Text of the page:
Simply Wall St – a helping hand for your investing portfolio

It’s funny how things work out sometimes. A couple of months ago I was part of a Twitter convo about finance apps/platforms for New Zealanders – and although it wasn’t yet available to us, Simply Wall St came up. And what do you know … just the other week I received an email informing me of their NZ launch and inviting me to try it!

Simply Wall St is one of the new breed of fintech companies making stuff simple and visual. Essentially, it’s designed to help you understand how publicly listed companies are performing in order to make better investment decisions. Is a business undervalued or overvalued? In a solid financial position? What might you expect in terms of future earnings and dividends? Simply Wall St can offer some insights to help you reach a conclusion on questions like these. There is lots of delicious data to feast on, served up in an accessible and digestible way.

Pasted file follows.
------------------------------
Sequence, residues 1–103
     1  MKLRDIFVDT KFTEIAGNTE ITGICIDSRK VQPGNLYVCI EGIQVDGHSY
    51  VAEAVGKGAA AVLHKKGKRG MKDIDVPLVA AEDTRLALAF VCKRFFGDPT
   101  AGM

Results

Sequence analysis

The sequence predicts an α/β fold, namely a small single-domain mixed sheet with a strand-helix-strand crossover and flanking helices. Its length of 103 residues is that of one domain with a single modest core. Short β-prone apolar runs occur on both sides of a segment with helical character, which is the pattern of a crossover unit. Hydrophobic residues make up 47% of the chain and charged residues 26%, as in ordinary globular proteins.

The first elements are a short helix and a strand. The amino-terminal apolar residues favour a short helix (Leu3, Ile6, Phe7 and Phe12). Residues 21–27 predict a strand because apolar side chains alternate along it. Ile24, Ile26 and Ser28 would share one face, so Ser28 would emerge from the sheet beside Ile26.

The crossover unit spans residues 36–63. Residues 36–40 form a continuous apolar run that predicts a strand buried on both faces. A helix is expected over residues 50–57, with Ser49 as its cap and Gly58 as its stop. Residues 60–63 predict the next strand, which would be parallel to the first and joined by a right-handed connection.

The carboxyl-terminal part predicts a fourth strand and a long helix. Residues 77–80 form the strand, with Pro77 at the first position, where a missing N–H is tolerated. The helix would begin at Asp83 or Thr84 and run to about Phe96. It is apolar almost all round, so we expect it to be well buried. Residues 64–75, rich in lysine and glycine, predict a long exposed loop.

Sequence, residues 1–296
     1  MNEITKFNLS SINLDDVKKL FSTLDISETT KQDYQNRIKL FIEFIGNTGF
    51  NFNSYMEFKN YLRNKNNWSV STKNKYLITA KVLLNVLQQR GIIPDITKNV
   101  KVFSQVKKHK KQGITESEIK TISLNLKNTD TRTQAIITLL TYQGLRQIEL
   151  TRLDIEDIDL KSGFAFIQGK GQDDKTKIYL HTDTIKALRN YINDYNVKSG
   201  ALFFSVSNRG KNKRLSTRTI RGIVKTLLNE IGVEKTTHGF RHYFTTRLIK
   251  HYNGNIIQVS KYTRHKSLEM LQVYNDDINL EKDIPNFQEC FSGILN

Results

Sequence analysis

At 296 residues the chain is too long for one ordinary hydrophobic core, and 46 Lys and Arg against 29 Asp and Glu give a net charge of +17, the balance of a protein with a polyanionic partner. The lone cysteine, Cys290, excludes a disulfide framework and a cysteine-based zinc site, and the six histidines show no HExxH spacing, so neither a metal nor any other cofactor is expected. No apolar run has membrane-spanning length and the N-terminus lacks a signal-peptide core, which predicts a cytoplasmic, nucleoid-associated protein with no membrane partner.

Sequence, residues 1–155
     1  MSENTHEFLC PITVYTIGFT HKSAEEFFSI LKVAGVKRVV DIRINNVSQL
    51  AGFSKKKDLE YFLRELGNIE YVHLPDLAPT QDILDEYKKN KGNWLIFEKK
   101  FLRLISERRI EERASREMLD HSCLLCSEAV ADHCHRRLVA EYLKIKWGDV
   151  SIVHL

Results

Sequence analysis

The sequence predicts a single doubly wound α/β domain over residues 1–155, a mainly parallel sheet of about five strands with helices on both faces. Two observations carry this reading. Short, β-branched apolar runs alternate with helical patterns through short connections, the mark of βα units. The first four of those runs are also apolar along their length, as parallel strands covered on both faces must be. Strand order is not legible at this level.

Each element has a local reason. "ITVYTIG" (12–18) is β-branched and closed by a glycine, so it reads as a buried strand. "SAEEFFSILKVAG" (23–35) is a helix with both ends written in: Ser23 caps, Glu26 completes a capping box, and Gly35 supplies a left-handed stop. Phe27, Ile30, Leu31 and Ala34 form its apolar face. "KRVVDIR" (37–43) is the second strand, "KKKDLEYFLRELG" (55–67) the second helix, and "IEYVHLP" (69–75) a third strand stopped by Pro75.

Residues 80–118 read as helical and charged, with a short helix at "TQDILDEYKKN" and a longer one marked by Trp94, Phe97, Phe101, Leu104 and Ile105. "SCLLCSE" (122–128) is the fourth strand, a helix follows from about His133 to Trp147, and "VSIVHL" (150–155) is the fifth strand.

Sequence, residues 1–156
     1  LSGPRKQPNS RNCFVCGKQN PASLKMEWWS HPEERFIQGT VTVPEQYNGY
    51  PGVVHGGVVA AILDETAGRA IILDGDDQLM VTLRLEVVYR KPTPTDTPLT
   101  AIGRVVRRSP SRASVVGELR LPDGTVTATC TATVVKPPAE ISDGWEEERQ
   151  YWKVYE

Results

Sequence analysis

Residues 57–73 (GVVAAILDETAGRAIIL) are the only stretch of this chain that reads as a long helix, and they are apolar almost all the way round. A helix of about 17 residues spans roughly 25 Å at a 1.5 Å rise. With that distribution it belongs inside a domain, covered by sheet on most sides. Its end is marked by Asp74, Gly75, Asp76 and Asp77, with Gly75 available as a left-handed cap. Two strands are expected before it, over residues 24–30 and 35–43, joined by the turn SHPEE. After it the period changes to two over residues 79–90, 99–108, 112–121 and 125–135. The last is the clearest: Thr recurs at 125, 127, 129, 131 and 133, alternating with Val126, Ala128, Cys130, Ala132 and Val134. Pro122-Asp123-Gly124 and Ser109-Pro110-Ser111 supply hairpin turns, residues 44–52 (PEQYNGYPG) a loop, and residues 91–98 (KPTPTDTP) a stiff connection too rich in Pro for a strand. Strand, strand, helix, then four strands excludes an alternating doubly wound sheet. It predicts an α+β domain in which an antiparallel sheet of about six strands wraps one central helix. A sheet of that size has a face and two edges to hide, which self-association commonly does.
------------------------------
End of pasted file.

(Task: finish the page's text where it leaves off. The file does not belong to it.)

For NZ investors, Simply Wall St links up with Sharesight, which is handy. This integration didn’t actually do much for me as I only invest in funds (not individual stocks). After connecting my Sharesight and Simply Wall St accounts, only one of my Sharesight-tracked funds was in the Simply Wall St database but as it’s comprised of ETFs Simply Wall St couldn’t provide much analysis on it.

That said, one of the two example portfolios served up to me was the Harbour Australasian Equity Fund, which invests in local companies and that I actually have a small holding in!